After the Election: The Fight for Congress

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The nomination of Donald Trump to head the Republican Party resulted from a schism in the GOP. The course of the 2016 presidential election has only served to highlight these cracks. Trump has taken issue positions and made comments with which many within the Republican Party not only disagree but find offensive. Numerous notable Republicans have refused to endorse Donald Trump, even if they still plan to cast their vote for him. Although some have declared they will vote for Hillary Clinton. Some analysts have gone so far as to declare the end of the 2016 election season as the beginning of a GOP civil war. And others have predicted that the Republican Party as currently constituted will cease to exist, instead splitting into at least two distinct political parties.

The most likely scene of this GOP battle is Congress and the House of Representatives. Polarization has not only been increasing between parties but also within parties. While Republicans are united against Democrats, they do not always work in solidarity. The ideological gap between the more moderate Republicans in the House of Representatives and the most conservative wing of the GOP in the House was the highest ever for the modern Republican Party. Many consider the resignation of John Boehner, former Speaker of the House, to have been motivated by a group of dissident, highly conservative Republicans, the Freedom Caucus, who had threatened a no-confidence vote in his speakership.


Current Speaker of the House, Paul Ryan, may have a similar future. Although Ryan has made clear he plans to run for speaker, there are those who wish he wouldn’t. Ryan has been under fire for his criticism of Donald Trump, refusing to defend Trump in the wake of his lewd recording, turning his focus to House races instead of campaigning for Trump, and saying he would work with Hillary Clinton. Conversely, Ryan maintained his endorsement of Trump and voted for Trump. Yet this may not be enough for him to garner enough confidence within his own party to win the speaker race. And chatter has grown that instead of facing an unwinnable race, Paul Ryan will instead step down.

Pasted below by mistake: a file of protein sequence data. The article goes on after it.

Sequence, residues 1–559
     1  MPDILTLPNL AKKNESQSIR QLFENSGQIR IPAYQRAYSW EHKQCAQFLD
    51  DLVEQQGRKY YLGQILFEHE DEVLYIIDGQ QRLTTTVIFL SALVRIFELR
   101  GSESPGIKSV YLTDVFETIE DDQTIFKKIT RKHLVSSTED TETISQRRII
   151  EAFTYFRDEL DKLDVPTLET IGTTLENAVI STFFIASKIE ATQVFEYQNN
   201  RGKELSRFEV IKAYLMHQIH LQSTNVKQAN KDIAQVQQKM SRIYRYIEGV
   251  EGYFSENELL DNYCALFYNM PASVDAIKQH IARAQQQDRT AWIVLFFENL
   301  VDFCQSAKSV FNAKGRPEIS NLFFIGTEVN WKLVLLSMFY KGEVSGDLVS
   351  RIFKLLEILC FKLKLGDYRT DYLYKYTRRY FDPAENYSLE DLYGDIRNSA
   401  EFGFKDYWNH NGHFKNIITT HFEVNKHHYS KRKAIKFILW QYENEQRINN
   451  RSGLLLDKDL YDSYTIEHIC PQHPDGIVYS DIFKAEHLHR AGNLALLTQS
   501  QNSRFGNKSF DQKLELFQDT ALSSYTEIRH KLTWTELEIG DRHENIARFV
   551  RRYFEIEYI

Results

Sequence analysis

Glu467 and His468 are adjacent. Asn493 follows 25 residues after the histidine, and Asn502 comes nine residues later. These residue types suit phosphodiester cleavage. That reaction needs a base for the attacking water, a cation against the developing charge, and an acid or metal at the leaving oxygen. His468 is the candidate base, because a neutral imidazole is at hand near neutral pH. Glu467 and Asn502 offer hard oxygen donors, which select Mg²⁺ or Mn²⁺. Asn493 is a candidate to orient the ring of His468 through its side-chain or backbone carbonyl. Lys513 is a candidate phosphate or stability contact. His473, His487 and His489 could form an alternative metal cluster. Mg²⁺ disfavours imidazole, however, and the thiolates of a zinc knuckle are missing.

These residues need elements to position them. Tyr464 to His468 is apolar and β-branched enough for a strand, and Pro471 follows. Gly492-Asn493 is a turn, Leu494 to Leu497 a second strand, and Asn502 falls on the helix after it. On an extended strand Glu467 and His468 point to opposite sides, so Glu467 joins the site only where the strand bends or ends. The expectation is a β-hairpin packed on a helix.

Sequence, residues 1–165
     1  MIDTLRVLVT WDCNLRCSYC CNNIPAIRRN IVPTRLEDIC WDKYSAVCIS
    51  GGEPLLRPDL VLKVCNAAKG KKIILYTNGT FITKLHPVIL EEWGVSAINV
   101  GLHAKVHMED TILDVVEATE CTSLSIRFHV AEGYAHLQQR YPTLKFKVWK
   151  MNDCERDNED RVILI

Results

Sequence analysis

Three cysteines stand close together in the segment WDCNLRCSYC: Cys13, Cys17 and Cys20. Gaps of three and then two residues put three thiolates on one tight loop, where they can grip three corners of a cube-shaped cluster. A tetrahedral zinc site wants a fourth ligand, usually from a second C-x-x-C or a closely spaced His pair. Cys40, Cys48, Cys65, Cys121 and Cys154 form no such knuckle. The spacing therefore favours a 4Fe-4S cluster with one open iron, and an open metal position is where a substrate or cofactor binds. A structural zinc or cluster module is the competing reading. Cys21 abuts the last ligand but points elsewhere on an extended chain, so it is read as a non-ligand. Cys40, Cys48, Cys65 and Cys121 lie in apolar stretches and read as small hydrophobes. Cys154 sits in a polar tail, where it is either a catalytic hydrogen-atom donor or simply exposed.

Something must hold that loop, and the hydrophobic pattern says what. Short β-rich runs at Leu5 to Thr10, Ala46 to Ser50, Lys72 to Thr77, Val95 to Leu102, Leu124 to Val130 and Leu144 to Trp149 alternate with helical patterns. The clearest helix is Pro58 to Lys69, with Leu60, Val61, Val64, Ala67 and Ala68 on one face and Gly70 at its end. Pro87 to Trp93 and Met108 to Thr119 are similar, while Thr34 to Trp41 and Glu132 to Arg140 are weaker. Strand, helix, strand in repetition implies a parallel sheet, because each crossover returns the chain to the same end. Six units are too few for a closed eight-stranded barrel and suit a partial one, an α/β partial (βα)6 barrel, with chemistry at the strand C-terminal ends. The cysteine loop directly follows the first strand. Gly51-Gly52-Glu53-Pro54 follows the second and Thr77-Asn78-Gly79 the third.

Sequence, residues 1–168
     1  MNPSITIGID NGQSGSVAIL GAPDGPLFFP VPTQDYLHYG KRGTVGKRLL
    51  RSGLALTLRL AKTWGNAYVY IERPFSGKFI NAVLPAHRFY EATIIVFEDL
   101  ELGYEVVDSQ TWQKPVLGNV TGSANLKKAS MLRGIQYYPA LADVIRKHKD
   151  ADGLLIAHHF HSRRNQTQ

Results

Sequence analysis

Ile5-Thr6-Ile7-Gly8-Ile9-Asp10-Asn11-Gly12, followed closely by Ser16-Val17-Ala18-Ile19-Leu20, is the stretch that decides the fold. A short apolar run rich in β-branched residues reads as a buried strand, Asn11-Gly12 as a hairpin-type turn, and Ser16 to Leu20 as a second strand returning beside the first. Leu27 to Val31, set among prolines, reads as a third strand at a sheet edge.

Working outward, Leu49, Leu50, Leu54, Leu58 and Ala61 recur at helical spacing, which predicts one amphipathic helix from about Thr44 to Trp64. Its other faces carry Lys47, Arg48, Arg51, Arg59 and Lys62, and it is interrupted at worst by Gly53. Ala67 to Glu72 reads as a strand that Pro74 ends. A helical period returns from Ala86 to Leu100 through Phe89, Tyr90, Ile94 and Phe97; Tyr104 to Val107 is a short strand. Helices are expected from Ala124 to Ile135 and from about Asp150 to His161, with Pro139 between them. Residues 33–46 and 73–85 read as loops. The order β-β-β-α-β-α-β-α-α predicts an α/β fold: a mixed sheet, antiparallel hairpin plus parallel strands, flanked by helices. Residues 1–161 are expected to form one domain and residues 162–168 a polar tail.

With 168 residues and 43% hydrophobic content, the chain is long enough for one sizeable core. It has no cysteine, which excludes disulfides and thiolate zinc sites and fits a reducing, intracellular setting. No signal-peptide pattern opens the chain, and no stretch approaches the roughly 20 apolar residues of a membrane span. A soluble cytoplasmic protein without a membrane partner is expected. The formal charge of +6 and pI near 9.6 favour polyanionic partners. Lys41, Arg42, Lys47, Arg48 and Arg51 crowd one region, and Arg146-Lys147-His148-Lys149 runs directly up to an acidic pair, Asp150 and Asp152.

Now The Hill has provided more details and greater context on this developing story:

“But even some Ryan allies are conceding that the Speaker now finds himself in an untenable position after just a year on the job.

“It’s not just the usual Freedom Caucus members who are pushing for change at the top; some more mainstream Republicans from safe GOP districts could pull their support over Ryan’s handling of GOP presidential nominee Donald Trump, lawmakers said.

“The brash New York real estate mogul is enormously popular in many of these districts, but Ryan stopped actively supporting Trump after a recording surfaced of him talking in 2005 about groping and kissing women.

“The lawmaker noted that if the GOP majority shrinks, Ryan could lose next year’s floor vote to remain Speaker with a relatively small number of GOP defections…

“If Trump loses narrowly to Democratic nominee Hillary Clinton, he and his die-hard loyalists will almost certainly try to pin some of the blame on Ryan.

‘“Those who talk to Paul say he is all in to stay Speaker…But if you talk to members from the South, many will struggle to vote for him — even though they like him — because their constituents are furious”‘ over his treatment of Trump…

“GOP sources said Ryan helped himself this week when he announced that he cast an early ballot for Trump.

“But many Republicans are still fuming over a House GOP conference call last month during which Ryan told his colleagues he could no longer defend or campaign with Trump after news outlets published the recording of his lewd comments.

“Trump already took to Twitter to call Ryan a disloyal, “weak and ineffective” leader. On Thursday, Trump’s running mate, Mike Pencerepeatedly declined to say whether he thought his close friend, Ryan, deserved another term as Speaker…

“A Freedom Caucus member predicted that there is “a 25 percent chance Ryan is Speaker in the 115th Congress.”

‘”His unfavorability among Republicans is around 68 percent,”‘ the Freedom Caucus member said of Ryan. ‘”If Hillary wins, he will surely take a good share of the blame among Trump supporters.”‘

In other words, Paul Ryan is under fire for exercising rationality and common sense in his criticism of Donald Trump. Even though Ryan still endorsed Trump. And voted for him. And has been working to secure a GOP majority in the House amidst a Trump campaign which has potentially hurt down-ticket Republican races.

That is to say Paul Ryan may be replaced as Speaker of the House due to his efforts to keep the House united.


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